Lawsuit between Goliad sheriffs settled out of court
Sept. 26, 2013 at 4:26 a.m.
Updated Sept. 27, 2013 at 4:27 a.m.
A Goliad County drama that was set to play out for a jury in federal court in October has ended.
Sheriff Kirby Brumby and former Sheriff Robert De La Garza settled an employment discrimination case out of court last week.
De La Garza sued Brumby in 2011. He claimed Brumby kept him from being a school resource officer not because of his abilities but because the two had an adversarial relationship while vying for votes.
The county awarded De La Garza $22,500. Brumby said that cost was defrayed and should not affect taxpayers because the county paid its insurance company a $5,000 deductible.
In the agreement, neither party accepts blame.
"He didn't win. The county didn't win. It is just over," Brumby said.
Brumby still maintains his hiring decision was correct, pointing to De La Garza's history of what he described as unethical behavior.
"He took convicted felons to his son's birthday. He allowed jail administrators to take convicted felons on overnight trips. Those are not the kind of people I would want to have represent the sheriff's office," he said.
While the resolution was a relief, Brumby was confident he would have won over a jury.
"His (De La Garza's) first application was at the school district and then applied to the county. The very next day, he hired an attorney who said that if I didn't hire him, they were going to file a suit against me," Brumby said. "That's pretty fast."
De La Garza, however, remembers things differently.
De La Garza did not hire an attorney a day after submitting his application, and he said the fact the Goliad ISD's Board of Trustees unanimously selected him twice for the school resource officer position spoke volumes about his character.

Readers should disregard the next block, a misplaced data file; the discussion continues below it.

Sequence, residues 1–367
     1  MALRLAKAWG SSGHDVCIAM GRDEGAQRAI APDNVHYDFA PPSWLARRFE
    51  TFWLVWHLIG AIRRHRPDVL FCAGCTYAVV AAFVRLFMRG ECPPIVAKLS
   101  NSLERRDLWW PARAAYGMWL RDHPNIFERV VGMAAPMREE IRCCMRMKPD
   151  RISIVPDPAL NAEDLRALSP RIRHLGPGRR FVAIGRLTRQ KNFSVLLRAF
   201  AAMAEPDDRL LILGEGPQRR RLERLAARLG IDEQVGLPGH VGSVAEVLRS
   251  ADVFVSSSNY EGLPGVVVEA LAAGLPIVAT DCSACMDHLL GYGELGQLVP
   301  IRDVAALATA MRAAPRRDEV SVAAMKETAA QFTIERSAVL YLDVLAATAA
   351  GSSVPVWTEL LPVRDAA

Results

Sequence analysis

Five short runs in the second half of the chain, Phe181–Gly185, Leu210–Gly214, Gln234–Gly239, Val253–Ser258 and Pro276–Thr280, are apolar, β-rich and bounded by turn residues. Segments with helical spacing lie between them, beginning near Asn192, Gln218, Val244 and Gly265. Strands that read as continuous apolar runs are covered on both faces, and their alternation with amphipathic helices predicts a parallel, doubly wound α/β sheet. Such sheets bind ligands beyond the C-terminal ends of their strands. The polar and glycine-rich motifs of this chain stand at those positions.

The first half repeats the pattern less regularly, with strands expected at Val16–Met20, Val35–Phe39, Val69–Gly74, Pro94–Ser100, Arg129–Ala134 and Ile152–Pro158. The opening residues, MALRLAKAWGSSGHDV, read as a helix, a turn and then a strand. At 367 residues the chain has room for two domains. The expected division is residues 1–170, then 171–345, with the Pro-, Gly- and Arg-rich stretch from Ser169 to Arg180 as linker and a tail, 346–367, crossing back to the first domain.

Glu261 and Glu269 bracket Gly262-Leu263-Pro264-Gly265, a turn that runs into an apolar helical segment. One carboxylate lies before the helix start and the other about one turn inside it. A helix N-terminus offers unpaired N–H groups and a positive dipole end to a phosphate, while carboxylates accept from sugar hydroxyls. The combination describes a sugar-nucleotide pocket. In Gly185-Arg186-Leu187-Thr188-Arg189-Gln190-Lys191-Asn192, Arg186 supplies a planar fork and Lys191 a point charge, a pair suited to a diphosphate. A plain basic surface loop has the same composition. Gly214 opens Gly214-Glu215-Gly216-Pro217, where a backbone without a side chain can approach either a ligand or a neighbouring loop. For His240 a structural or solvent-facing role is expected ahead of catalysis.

"I am proud of the eight years I served as sheriff. I think we did good. I lost by 200 to 300 votes. Does that make someone a bad sheriff or a good sheriff? ... It's not like it was a landslide," he said. "He (Brumby) can say what he wants."
De La Garza decided to settle because the case was dragging and affecting entities, such as the school district, that he said "didn't have a dog in the fight."
Superintendent Emilio Vargas said the district has spent more than $25,000 on school resource officer issues so far.
To work on the current disputed school resource officer contract with the county, the district hired attorneys for $9,000, and to represent employees who had depositions in the case, it spent a little more than $15,000, he said.
"We do have insurance; however, for our insurance to kick in, we must be named as a party in the suit," Vargas said.
The district tapped into its reserve fund, so the cost shouldn't take away from any educational programs, he said.
De La Garza has served on the district's board of trustees for two years.
"I don't take full responsibility for that (money being spent)," he said. "It was their choice to represent people that were deposed by attorneys."
De La Garza said he believes the lawsuit did what was intended - raise awareness about Brumby's behavior.
"We're seeing it right now with Paul San Miguel," De La Garza said. "It's just like deja vu, like we're going to live this all over again. ... The bottom line is all we're trying to do is protect our children, our students, our staff. They overlook that."
Commissioners recently terminated San Miguel's school resource officer contract. He also ran against Brumby for sheriff, according to Advocate archives.
The settlement agreement was not entered into the court record. A copy of the agreement was not available Thursday.
Attorney Robert E. McKnight Jr. represented De La Garza. Kevin Dudley Cullen represented Brumby in his official capacity with the county.